Professional liability insurance for engineers
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Professional Liability Insurance for Engineers

We provide professional liability insurance to engineers in select states. We work with multiple 'A' rated insurance companies which offer professional liability coverage to all types of engineers, from the low-risk specialties, such as electrical, up to the riskiest specialties, such as structural and geotechnical. Even if you had claims in the past five years and are having trouble finding coverage, we can help.

Why do engineers need professional liability insurance?

Engineers deal with complex issues which involve a high level of technical ability and knowledge. Because of the nature of their work, engineers have multiple opportunities to make an error or omission while working on a project. In the event of a lawsuit, engineers will have to defend their work and could be liable for large sums of money if found to have been negligent. Engineers working on large projects can also be included in a lawsuit, along with all other professionals involved in the project, even if no error or omission was made. In any case, legal fees tend to be significant.

It is therefore vital for engineers to have professional liability insurance protection.

What protection does a professional liability insurance policy provide?

Professional liability insurance provides engineers with protection against damages and legal fees. Professional liability insurance policies provide coverage for claims made by reason of a negligent act, error or omission in the performance of professional services.

How can you help engineers secure professional liability insurance?

We’re brokers and have access to multiple insurance companies that offer professional liability coverage to engineers. The first step in obtaining professional liability coverage is to complete an application. Once we receive your application, we will first review it for completeness and clarity and then we will send it to various insurance companies to request quotes. Once your professional liability quotes come in, we will present them to you, along with a specimen copy of the insurance policy, so that you can make an informed decision.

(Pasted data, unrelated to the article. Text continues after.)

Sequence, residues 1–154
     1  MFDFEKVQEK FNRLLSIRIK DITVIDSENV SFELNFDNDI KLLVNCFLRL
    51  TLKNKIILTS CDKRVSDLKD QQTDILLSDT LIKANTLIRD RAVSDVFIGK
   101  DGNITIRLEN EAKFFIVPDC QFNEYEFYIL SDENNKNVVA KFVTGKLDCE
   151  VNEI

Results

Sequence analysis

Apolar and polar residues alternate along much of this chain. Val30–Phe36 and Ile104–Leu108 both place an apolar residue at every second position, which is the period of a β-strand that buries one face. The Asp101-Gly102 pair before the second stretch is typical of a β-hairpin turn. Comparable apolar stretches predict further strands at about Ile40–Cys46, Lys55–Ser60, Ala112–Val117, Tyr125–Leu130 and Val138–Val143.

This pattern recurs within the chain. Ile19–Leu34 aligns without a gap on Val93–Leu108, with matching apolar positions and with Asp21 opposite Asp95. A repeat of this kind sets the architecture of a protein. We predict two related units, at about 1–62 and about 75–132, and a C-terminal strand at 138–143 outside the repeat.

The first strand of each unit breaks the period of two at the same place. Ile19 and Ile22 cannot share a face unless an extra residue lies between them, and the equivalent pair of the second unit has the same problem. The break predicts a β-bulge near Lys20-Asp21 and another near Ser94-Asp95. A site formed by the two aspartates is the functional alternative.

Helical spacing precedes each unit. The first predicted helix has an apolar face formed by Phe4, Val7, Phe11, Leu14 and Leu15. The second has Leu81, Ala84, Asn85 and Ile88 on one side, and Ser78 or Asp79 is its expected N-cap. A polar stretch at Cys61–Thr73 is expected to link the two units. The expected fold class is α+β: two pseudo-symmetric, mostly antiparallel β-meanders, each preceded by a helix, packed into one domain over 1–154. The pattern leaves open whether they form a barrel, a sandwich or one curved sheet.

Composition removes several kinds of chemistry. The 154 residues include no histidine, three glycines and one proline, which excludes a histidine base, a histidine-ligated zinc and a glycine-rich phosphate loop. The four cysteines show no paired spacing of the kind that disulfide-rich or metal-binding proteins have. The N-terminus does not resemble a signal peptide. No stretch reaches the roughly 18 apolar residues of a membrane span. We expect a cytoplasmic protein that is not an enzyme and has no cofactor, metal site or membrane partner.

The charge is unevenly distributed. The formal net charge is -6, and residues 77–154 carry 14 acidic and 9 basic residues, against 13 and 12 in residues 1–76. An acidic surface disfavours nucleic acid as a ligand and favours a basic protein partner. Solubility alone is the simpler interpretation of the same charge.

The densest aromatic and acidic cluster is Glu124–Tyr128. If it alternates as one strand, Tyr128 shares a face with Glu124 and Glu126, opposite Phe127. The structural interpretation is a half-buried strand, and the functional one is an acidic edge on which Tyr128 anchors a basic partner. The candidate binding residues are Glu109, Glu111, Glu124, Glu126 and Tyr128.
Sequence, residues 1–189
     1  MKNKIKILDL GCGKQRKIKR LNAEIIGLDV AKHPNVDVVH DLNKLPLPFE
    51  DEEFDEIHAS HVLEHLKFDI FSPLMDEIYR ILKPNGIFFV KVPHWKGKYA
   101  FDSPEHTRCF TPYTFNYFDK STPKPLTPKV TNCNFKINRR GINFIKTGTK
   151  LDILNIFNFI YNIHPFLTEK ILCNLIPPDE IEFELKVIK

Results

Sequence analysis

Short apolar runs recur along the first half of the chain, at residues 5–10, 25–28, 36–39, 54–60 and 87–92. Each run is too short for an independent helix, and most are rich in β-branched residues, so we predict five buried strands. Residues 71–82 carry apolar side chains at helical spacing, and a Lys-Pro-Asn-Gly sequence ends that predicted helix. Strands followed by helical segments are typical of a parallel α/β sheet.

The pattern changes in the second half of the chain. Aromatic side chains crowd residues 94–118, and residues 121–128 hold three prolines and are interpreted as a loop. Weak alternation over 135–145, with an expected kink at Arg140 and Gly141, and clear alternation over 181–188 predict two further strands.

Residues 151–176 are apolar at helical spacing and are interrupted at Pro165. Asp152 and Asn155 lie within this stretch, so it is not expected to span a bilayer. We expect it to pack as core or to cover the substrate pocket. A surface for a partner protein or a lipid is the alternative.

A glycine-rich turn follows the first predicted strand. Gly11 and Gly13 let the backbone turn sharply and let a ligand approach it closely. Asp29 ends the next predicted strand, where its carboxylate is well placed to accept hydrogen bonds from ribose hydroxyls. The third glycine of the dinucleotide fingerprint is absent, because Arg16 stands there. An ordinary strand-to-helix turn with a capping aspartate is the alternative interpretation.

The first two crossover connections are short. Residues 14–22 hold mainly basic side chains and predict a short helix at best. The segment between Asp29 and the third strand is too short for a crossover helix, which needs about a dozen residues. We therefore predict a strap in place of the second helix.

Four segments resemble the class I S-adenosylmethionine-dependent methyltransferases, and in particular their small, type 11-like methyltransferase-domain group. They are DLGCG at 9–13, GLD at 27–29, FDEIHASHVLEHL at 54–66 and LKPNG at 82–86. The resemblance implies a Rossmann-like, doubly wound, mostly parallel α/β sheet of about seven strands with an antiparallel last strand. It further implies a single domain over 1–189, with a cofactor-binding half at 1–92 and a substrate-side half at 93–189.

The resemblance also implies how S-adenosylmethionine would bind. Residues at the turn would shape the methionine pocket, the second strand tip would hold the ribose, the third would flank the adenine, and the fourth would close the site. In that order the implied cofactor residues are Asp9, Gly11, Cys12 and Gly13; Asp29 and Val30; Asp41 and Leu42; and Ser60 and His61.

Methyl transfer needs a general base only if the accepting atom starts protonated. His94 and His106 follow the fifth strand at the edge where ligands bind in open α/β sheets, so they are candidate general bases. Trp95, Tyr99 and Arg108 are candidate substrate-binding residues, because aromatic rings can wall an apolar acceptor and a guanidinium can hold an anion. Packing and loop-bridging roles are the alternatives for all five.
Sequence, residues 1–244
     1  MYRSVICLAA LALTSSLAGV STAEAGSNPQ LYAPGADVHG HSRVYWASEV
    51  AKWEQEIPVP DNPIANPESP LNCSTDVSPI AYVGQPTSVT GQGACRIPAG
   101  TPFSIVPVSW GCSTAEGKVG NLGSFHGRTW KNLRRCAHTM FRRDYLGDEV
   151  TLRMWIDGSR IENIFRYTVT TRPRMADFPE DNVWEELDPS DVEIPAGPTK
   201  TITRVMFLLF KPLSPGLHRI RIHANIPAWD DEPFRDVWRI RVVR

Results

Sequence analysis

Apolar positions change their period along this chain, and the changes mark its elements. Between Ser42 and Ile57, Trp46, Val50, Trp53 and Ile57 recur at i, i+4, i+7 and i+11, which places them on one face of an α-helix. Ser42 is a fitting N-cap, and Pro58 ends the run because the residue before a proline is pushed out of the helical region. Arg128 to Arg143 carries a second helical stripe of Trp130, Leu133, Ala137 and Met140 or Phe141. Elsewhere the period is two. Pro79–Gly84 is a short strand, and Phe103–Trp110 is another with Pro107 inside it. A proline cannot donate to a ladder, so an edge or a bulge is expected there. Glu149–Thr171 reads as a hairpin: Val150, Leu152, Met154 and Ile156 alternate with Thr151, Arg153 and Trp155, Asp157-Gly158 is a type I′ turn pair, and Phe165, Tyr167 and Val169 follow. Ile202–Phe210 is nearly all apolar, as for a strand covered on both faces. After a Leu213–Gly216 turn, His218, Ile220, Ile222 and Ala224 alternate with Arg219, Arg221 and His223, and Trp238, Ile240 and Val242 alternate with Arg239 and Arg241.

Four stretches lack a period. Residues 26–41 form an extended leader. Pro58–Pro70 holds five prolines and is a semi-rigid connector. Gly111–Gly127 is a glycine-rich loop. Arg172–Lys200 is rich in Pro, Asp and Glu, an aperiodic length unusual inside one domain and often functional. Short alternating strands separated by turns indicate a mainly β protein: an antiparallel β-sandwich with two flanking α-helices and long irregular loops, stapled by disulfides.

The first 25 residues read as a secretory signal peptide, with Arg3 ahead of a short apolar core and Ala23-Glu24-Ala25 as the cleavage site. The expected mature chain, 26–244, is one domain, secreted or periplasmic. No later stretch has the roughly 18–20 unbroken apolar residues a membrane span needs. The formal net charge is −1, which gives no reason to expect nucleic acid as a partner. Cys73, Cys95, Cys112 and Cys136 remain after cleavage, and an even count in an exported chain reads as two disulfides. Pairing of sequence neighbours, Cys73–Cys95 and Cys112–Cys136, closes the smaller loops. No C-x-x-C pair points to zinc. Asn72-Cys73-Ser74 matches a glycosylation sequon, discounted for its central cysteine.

What type of work do engineers do?

Engineers use science, mathematics, and creativity to design and build things that improve peoples' lives. Engineers must have a bachelor's degree from an accredited university. Engineers must also pass specific examinations and must be licensed by their state.

There are many types of engineering specialties, including but not limited to the following:

Civil: Deals with the design, construction, and maintenance of projects such as buildings, roads, bridges, tunnels, dams, canals, and airports.

Structural: Deals with the design and analysis of structures which must withstand weight or force, such as retaining walls, buildings, bridges, dams, and tunnels.

Geotechnical: Deals with the design and construction of projects such as foundations, slopes, and retaining structures which involve earth materials, including soil, rock, and groundwater.

Mechanical: Deals with the design, manufacturing, and testing of mechanical systems.

Electrical: Deals with the analysis, testing, and design of electrical and electronic devices and systems.

Transportation: Deals with the design, operation and management of transportation facilities such as highways, streets, railroads, mass transit, and airfields.

Chemical: Uses chemical reactions to convert chemicals and raw products into more useful products.

Environmental: Uses the principles of engineering to protect human health and the environment by improving the quality of air, water, land and by cleaning up polluted sites.

Materials: Deals with the analysis and development of materials which are used to create various products.

We provide professional liability insurance in the following states
Arizona, Arkansas, California, Colorado, Connecticut, Illinois, Indiana, Iowa, Kansas, Louisiana, Maryland, Michigan, Minnesota, Missouri, Nebraska, New Jersey, New York, North Carolina, Ohio, Oregon, Pennsylvania, Tennessee, Texas, Utah, Washington, Wisconsin, Wyoming.